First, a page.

High Value Rewards
Recall is not only important to make our lives easier, but is vital for our dog’s safety. It is a potentially life-saving skill for our dogs to have, so we shouldn’t be stingy with how we reward our dogs after a good recall. Plus, we’re often asking our dogs to return to us instead of accessing something that’s incredibly high value to them – so why shouldn’t they expect us to offer something awesome in return for that gargantuan effort they’ve made! Using our dog’s all-time FAVOURITE reward will up our training from good, to great!

Repetition
The more our dogs have rehearsed the recall, the better it will get – practice makes perfect, as they say! So, lots of repetition is an important part of developing a great recall. This means that our training sessions need to happen frequently and over an extended period of time – we can’t master a recall in a week! When you’re practicing on your walks, don’t just wait until distractions appear – practice throughout your walks when there is nothing going on, so your dog is learning how great recalling is no matter where they are.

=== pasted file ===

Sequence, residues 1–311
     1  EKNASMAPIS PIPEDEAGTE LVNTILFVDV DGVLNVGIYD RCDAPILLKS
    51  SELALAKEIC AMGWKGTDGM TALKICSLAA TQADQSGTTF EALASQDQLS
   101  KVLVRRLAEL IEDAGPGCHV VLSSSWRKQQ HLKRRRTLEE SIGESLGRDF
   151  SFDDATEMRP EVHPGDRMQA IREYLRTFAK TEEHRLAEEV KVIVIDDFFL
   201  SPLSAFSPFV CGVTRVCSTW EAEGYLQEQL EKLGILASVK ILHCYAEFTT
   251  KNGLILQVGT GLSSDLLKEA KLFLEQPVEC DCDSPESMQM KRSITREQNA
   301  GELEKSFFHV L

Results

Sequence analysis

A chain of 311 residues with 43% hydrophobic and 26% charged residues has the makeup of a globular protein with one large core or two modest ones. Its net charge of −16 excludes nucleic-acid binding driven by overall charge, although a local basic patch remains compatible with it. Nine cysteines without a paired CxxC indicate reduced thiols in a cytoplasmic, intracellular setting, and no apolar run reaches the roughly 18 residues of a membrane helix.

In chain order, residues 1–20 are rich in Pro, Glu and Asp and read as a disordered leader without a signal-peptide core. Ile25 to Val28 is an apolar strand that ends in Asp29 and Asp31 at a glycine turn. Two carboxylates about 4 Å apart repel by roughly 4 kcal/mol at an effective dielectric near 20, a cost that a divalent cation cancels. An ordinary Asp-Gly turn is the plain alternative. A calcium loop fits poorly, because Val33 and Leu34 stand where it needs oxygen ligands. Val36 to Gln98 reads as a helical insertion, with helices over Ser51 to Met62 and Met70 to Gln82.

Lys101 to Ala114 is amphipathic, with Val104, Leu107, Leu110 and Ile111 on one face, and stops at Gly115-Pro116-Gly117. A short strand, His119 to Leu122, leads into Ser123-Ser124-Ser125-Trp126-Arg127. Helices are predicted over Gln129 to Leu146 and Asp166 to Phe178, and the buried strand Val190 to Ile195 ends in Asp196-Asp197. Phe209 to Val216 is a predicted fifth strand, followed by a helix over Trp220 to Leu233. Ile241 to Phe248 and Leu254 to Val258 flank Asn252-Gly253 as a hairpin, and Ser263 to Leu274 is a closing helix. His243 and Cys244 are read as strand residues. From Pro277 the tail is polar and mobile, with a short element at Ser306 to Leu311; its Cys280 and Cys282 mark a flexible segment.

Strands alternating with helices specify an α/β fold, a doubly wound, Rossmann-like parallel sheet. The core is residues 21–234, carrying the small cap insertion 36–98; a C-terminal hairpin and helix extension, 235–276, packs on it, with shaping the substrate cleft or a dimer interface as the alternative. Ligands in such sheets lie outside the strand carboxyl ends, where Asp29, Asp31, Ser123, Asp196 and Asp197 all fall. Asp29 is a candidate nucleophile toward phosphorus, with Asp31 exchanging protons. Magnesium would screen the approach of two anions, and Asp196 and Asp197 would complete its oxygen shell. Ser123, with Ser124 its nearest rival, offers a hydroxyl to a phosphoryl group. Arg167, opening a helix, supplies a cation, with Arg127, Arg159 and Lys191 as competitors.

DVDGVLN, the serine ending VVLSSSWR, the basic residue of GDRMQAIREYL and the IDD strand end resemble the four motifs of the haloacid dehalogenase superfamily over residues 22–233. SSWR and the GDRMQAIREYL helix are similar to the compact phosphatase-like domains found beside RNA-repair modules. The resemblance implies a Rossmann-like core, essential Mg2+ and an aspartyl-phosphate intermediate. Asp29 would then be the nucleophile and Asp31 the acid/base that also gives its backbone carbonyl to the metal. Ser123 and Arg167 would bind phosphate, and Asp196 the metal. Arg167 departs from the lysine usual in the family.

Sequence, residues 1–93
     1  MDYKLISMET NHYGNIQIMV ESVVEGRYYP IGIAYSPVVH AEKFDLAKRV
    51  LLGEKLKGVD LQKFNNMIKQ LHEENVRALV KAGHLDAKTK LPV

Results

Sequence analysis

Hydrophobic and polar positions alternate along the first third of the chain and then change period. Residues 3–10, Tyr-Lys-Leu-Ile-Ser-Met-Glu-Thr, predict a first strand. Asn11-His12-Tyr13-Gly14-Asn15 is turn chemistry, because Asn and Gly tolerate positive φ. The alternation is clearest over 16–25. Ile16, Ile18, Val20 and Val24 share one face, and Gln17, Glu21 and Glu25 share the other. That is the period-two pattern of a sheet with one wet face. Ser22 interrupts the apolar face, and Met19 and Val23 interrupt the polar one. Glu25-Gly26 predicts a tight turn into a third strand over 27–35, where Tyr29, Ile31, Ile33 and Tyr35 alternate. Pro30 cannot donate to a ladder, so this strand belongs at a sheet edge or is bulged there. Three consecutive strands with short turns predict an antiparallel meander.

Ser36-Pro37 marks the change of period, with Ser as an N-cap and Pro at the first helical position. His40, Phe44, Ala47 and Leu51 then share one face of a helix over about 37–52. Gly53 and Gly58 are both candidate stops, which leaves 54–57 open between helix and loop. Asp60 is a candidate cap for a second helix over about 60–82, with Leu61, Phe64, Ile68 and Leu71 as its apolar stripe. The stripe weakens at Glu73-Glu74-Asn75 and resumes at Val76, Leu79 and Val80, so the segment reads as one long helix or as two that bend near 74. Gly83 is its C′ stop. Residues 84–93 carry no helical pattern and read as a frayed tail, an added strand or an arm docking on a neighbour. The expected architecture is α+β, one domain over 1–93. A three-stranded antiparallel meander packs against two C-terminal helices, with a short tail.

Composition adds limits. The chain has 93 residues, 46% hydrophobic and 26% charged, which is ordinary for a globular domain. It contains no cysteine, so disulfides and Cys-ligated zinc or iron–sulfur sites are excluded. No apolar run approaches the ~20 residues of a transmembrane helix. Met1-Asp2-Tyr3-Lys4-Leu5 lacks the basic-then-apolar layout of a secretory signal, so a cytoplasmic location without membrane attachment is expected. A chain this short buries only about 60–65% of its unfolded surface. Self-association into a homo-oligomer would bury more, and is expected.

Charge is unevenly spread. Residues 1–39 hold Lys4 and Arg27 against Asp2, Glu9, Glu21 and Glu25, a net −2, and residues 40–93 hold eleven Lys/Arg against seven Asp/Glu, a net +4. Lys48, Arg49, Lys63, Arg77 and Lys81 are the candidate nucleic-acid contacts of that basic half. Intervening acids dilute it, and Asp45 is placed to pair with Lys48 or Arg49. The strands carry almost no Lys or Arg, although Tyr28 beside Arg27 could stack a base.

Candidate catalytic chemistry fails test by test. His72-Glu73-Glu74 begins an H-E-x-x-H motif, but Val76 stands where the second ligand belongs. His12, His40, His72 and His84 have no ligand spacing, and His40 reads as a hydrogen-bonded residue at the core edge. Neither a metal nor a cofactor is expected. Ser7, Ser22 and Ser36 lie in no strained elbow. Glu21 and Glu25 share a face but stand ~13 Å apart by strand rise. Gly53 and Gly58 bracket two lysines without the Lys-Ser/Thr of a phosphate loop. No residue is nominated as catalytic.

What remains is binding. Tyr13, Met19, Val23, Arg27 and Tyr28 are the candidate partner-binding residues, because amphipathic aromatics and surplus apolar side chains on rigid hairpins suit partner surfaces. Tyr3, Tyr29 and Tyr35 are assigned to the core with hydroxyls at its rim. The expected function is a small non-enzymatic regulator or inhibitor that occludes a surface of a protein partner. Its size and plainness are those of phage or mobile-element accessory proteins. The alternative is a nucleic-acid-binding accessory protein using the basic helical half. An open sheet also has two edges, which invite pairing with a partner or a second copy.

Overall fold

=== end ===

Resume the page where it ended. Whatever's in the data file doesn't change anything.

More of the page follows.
Revision
Not only does our training plan need to be long-term, but we need to be willing to go back and revise our recall as and when it’s needed! Just like us, our dogs can get rusty at certain skills. If we’ve not been to beach all winter because it’s been too cold and windy, we might need to go back a few stages and practice some recall on the longline when we do go back!
Trying to persevere and ask our dogs to perform at their best when we can see they are struggling is a recipe for disaster. Remember that they’re not being stubborn; something is making the recall harder for them today. It could be that you are in a novel environment, there is a new and exciting smell or noise that we humans can’t perceive, or they might just be having an off day! 
Adolescence is another consideration for those training young dogs – it’s completely normal to need to go back a few stages and recap our foundation training when our dogs are teenagers. Hormonal changes bring with them a whole new world of distractions for our dogs, and can mean they’re more likely to struggle to focus and to manage their emotions (eg excitement!). They may also become more impulsive. Bear with them – as long as we remember the points above and revise what they learned as pups, they will get through this stage!
 
These are our top tips for good recall training! If a perfect recall is your training aspiration, check out our popular recall masterclass – here we talk more about the neuroscience of building a reliable recall, provide you with a structured plan designed by our behaviourist for you to build a solid recall over several months, and cover a range of fun exercises to supplement your recall training.